But the boy didn’t creep Tide out. He made her curious. Protected in her apartment tower, she hadn’t had as much interaction with those beings as the rest of her peers had. The sight of the boy didn’t make her uneasy. It sucked her in. Pulled her eyes away from the fog. Kept her feet from moving forward. Without that tattoo, he would have seemed normal. He would have been like any other resident of St. Laran. He would have been . . .
“He’s just a boy,” Tide said without really meaning to.
Y was silent for a moment before letting out a grunt that was wholly unflattering. “Just a boy!?” she cried. “Are you crazy!? IT isn’t a boy! IT isn’t anything like a boy!”
“Calm down. What I meant is he LOOKS like a real–”
“NO, Tide. IT isn’t a ‘he’. IT is an unnatural thing spawned from some sorry sucker’s depression. IT shouldn’t be outside on its own. IT shouldn’t even exist. And IT definitely shouldn’t be thought of as a person. So don’t. It’s weird.”
In too little time, Y was worked up – more worked up than she needed to be – but even so, Tide wasn’t listening. She was still looking at the Second, who was sitting alone against a poster-clad wall, chin in his hand and knees to his chest. The corners of his mouth were down, as though he were making no attempt at feigning happiness or covering up his despondent state of being.
Depressing maybe, but not creepy.
Tide was sheltered. She was sheltered to an extreme, but like her father, she’d been born with a hidden conviction. She didn’t mind appearing naïve. Not around Y, at least. Confidence and inquiry were the keys to success, or so Nero often said.
“What I don’t get,” said Tide, ignoring Y’s outburst and continuing to size up the boy, “is where their skin and everything comes from. I mean, Seconds are known as ‘ones who aren’t born’, but obviously they’re born, right? They’ve got to be. At least in some sense. Right, Y?”
“Born?” Y was already calm again. She turned over a bracelet made from an old skeleton key. “Mmm, not quite. They just use the chemicals in the air to materialize themselves.”
“Particles. Pollutants. What have you. Each of them is a materialization of a real person’s negative emotions. Despair and regret bottled in a suit of flesh. Gross, right? But here’s the thing I find MOST creepy. They look completely different from the people to whom their emotions belong. It’s like they design their physical images themselves. Don’t you think it’s at least a little disturbing?”
Tide thought about it. “No, but it is crazy. Like an extreme case of split personality disorder.”
“More than crazy,” agreed Y. She shuddered. “I’d better not ever spawn one of those things. I’d better not ever become a ‘Main’. If I do, kill us both.”
Tide ignored the morbid comment. She wasn’t in the mood. “So, let me get this straight,” she said dully. “You hate Seconds, yet you know all about them? That seems a little suspicious.”
The gears merchant, who’d been picking at something on his arm, let out a crusty laugh.
“That’s because,” said Y, baring her teeth. “I had to take a class on them last quarter for my social credit. Not like it was my choice.” She glared at the eavesdropping merchant. Then she turned to Tide. “Besides, I don’t really know that much more than your average commoner. It’s just that YOU know much less.” It was payback time. Y turned sly. “You know, being a ‘princess’ and all.”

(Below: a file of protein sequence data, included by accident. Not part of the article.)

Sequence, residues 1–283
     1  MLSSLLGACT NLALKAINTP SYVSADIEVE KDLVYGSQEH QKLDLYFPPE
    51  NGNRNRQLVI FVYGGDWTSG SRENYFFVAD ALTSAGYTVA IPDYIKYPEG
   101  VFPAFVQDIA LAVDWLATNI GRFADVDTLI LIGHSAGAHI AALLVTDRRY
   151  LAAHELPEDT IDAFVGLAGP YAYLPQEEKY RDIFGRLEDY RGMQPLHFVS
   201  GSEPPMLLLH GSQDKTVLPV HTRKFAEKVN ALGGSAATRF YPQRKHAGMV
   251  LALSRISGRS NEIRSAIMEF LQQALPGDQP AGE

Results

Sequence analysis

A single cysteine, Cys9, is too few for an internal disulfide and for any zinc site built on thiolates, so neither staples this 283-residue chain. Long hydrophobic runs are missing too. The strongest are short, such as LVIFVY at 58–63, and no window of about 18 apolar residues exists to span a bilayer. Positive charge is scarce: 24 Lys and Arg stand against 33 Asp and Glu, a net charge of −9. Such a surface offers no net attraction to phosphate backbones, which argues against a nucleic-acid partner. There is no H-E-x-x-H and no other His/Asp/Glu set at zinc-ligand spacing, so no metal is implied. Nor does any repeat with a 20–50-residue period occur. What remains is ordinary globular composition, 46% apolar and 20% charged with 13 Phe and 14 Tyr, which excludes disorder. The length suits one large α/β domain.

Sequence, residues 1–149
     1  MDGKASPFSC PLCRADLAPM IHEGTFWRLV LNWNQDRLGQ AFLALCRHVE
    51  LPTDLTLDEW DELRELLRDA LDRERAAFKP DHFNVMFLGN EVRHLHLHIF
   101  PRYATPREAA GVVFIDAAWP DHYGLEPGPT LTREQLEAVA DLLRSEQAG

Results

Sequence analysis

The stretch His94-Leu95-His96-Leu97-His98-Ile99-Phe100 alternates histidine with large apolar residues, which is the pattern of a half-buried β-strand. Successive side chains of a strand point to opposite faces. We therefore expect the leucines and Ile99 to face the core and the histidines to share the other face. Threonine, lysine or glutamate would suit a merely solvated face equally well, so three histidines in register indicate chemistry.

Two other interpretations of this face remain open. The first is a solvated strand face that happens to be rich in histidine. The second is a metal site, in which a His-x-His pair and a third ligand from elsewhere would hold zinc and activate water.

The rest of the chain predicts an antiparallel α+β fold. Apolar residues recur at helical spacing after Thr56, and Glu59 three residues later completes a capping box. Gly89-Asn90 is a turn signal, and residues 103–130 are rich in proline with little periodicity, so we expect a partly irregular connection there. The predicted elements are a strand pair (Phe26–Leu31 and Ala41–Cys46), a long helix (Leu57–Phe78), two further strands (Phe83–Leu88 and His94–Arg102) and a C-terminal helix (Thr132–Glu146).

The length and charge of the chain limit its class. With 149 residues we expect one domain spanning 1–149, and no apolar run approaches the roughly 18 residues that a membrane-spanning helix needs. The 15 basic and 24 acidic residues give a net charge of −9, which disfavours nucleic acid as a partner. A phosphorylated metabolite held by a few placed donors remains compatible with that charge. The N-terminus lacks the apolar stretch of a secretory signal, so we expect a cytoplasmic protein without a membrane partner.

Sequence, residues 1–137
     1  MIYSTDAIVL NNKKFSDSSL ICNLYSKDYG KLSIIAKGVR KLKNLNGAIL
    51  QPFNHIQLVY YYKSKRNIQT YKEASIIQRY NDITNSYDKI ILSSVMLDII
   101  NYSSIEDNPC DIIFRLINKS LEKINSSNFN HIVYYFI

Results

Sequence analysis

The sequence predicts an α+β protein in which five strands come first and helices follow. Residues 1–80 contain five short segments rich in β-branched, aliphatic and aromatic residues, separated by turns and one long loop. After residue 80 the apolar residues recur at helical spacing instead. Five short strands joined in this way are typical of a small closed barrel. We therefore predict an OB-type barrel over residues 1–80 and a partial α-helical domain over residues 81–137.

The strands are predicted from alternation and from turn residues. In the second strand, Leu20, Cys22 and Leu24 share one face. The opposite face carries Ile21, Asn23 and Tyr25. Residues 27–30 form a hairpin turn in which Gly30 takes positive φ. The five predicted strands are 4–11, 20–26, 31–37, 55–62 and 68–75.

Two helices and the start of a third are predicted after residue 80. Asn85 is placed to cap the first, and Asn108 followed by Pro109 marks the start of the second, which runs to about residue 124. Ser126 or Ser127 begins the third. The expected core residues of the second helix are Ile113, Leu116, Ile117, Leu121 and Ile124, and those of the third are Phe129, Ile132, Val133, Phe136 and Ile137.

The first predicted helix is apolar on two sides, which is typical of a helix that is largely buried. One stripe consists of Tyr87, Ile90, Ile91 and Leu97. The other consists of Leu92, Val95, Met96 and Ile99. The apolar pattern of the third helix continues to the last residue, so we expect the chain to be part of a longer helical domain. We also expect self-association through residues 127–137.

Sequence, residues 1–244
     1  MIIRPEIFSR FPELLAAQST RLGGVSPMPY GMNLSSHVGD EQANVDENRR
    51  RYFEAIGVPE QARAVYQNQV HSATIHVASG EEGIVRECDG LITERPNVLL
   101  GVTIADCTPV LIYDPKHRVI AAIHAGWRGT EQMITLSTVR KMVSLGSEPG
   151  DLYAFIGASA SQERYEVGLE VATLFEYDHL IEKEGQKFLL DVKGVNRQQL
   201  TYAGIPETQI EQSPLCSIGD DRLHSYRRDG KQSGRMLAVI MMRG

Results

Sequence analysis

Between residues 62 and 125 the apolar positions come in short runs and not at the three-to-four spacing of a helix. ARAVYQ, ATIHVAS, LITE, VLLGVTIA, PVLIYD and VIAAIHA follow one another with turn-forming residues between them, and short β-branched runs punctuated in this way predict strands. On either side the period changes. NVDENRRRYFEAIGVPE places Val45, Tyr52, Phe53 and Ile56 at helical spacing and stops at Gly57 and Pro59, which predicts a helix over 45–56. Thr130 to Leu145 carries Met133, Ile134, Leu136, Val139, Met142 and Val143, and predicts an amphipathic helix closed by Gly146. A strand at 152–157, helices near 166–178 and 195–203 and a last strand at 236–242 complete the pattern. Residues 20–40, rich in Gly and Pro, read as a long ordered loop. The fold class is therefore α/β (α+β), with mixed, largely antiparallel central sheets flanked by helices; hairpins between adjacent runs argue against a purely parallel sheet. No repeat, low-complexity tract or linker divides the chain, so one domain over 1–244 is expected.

There it was.
The gears merchant picked.
Tide let out a groan. She’d expected it to come up at some point, but in lieu of that Sunday’s other preoccupations, she’d been hoping it would somehow slip Y’s mind. “Do me a favor and NEVER call me that again, would you?” she said
Tide knew exactly what Y was referring to. Last week’s paper. The Laran’s Post. They’d had the nerve to mention her. And they’d done it with such swag, too. Nero Yondo’s Daughter: Mechanical Princess Tide. Tide cringed. It was mortifying. It was so, so mortifying! And to think her father’s lawyer had actually congratulated her on the atrocity.
“It’s just so dumb!” growled Tide. “Dad makes one stupid invention, and suddenly I’m viewed as an heiress by everyone in St. Laran. Like: Surprise, I got you this company.” She made an ugly frown. “And now there’s no escaping it.”
Y’s slyness was at full force. “Well, you are an heiress. It only makes sense that you’d be viewed that way.”
“Not that I’ve agreed to anything like that! I don’t WANT to take over his company. And why he’d even want me to is beyond me. I don’t know anything about Mekanix or Bororore or business or–”
“Hmph.” Y set the bracelet down with a clank, and sighed. “Want to know what I think? I think that YOU should be grateful for having something like that just handed to you, spoiled princess. The rest of us have to grovel and scratch our ways to the top.”
The fog had dissipated, and the yellow envelope was starting to slip out from under Tide’s arm, but Tide didn’t notice. She’d been fuming. Embarrassed. Frustrated. And in the midst of those emotions, her eyes had returned to the sad boy. The boy marked by red.
She allowed herself to be distracted by the oddity that was his presence.
“Scratch your way to the top of what, Y?” she said half-heartedly. “You’re going into landscape artistry. It’s not exactly a cutthroat field.”
“Landscape sculpture! It’s totally different!”
“Right,” murmured Tide. “I always forget how much you hate painting. How is playing with clay better, again?”